Well why not? The minority promotion of violence is misplaced for the majority. Better yet, the election has been an unambiguous rejection of CCP meddling in Hong Kong.
We reasonably presume that CCP elements and foreign counter elements have been both involved in the general meddling going on, however neither is responsible for millions of Hong Kongers hitting the bricks or for thousands of students producing thousands of petrol bombs. All that is a promise to the CCP that the people are not amused at all.
It is certainly time for civil society to return and for the political system to operate post election and for more voices to arise supporting a full creation of a Democratic resolution. It is completely possible that real success is now possible, particularly with the CCP under increasing assault by the global trade system led by Trump. There will be a better deal.
From Moon of alabama
Demonstrators gathered at about 12.30pm on a bridge outside Exchange Square, which houses Hong Kong’s stock exchange in the city’s financial heartland, in another round of lunchtime protests that have been staged most days over the past two weeks. Scuffles broke out after a pro-police group of about 50 people showed up about an hour later, but police arrived soon after to clear the area.
During at least two altercations between some members of each group, an anti-government contingent yelled “go back to China” at their adversaries, and one of their number kicked a woman walking towards the smaller group.
Chinese University political scientist Ivan Choy Chi-keung said while the turnout could set another record, the overall situation was more unpredictable than before. “The pan-democrats could have won a landslide victory if the elections had been held in the summer, when the protests erupted,” Choy said. “But after the recent clashes at two universities, undecided voters may be worried about public order and be discouraged from voting.
He was referring to fiery battles protesters fought with police outside Chinese University on November 12, followed by more confrontations outside Polytechnic University last week.
“It will be difficult for the camp to win more than half of the seats, as some originally envisaged,” Choy said.
The House of Representatives on Wednesday followed the lead of the Senate in overwhelmingly approving two pieces of legislation: The Hong Kong Human Rights and Democracy Act, which requires the president to annually review the favourable trading status that the US gives to Hong Kong, threatening to revoke it and impose penalties against officials if freedoms are determined to have been quashed; and the Protect Hong Kong Act, which will block the sale of tear gas and other policing items. The former, although largely symbolic, could alter Washington’s relationship with Hong Kong and Beijing.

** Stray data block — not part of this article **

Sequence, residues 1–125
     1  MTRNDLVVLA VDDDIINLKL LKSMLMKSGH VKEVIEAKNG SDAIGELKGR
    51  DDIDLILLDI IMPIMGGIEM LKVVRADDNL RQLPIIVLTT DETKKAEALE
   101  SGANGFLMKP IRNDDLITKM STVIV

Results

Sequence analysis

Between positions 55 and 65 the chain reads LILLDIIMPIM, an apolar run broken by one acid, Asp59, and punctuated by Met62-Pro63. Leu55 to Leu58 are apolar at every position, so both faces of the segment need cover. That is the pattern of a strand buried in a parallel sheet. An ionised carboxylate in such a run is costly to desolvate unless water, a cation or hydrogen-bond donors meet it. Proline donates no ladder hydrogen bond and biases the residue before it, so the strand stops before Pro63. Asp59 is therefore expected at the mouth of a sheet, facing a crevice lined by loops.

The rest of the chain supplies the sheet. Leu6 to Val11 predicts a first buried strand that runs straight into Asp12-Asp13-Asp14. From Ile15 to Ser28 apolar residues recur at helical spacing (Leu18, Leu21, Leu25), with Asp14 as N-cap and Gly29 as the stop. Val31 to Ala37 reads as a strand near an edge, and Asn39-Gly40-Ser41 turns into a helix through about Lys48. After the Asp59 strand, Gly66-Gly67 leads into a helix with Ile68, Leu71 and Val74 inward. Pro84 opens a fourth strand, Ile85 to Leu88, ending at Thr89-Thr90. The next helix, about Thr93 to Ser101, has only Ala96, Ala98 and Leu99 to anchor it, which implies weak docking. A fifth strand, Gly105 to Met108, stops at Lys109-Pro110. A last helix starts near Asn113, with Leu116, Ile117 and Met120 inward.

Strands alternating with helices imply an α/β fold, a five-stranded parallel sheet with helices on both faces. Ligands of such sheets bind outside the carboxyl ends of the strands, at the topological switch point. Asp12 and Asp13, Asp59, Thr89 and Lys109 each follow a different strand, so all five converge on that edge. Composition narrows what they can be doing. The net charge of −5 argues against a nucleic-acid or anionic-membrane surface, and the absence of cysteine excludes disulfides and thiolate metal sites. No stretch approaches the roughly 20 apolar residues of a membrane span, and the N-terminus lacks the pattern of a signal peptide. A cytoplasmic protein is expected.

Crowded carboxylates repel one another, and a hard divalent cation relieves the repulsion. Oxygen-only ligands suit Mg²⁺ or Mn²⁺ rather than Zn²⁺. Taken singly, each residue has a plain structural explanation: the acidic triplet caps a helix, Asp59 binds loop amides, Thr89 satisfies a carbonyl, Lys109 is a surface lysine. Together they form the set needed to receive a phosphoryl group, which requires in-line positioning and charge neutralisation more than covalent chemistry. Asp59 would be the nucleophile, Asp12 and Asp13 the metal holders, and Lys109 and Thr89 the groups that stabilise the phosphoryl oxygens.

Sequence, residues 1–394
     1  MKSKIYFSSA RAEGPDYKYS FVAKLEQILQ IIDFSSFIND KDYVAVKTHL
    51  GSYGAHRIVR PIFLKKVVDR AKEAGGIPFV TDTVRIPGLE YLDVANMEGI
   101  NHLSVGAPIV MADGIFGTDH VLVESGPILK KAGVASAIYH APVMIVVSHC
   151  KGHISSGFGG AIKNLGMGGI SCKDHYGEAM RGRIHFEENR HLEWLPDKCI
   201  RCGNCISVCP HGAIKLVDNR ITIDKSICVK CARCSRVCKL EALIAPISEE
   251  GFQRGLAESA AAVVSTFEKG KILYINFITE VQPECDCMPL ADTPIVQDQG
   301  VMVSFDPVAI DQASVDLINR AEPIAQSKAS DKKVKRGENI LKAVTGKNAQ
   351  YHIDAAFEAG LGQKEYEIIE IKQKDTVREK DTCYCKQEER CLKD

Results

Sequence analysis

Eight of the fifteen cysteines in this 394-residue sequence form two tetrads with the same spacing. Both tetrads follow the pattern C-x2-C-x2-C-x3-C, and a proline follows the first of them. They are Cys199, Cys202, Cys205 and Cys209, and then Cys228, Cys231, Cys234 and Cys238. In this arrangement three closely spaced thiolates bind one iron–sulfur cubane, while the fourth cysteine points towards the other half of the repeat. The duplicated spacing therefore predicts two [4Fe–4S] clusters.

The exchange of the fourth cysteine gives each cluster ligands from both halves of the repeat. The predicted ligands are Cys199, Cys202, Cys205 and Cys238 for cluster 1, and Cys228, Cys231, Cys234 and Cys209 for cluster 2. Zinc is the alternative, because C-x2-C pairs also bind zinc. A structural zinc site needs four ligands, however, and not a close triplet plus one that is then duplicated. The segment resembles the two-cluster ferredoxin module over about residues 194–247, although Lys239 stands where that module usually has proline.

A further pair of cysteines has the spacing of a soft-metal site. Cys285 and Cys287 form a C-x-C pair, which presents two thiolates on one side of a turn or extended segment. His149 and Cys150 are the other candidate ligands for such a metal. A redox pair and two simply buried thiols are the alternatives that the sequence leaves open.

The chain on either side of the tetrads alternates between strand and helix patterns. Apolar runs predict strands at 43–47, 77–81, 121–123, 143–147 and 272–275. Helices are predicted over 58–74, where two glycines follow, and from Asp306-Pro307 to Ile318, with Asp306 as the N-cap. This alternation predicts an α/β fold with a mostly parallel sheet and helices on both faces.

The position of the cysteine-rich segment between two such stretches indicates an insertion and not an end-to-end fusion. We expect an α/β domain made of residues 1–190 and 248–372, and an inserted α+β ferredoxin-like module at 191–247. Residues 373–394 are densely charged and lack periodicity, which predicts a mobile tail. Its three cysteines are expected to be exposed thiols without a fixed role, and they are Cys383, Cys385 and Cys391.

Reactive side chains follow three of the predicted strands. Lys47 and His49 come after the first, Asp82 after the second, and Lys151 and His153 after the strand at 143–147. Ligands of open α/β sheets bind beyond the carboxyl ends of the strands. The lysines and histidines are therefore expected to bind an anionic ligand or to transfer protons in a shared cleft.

US President Donald Trump has a straightforward choice on legislation passed on to him by the United States Congress supporting the protests that have engulfed Hong Kong – approve or veto. Coming amid tough bargaining on his trade war with China, he may be tempted to make his decision part of the negotiations.
But Beijing sees such measures as striking at the heart of Chinese sovereignty. Radical protesters could be spurred to greater violence. Unspecified countermeasures are promised should Trump give his approval.
But the trade war, violence and legislation have damaged business sentiment in Hong Kong. Approval or not, pessimism and uncertainty have already been deepened. There can be no winners.
Speaking on the “Fox & Friends” morning program, the president said that he was balancing competing priorities in the U.S.-China relationship. “We have to stand with Hong Kong, but I’m also standing with President Xi [Jinping], he’s a friend of mine. He’s an incredible guy, but we have to stand … I’d like to see them work it out, okay?” the president said. “I stand with freedom, I stand with all of the things that I want to do, but we are also in the process of making one of the largest trade deals in history. And if we could do that, it would be great.”
BBC Newsnight @BBCNewsnight - 11:00 UTC · Nov 19, 2019 “Some of the protesters seem to have an objective to provoke a military confrontation with China. They seem to want a Tiananmen Square outcome as success.”
Fmr Foreign Sec @Jeremy_Hunt says he is “concerned with the tactics” with some of #HongKong’s protesters
Nov. 25, 2019
HONG KONG — The people of Hong Kong don’t get to choose their government. But that hasn’t stopped them from finding ways to express what they think about it.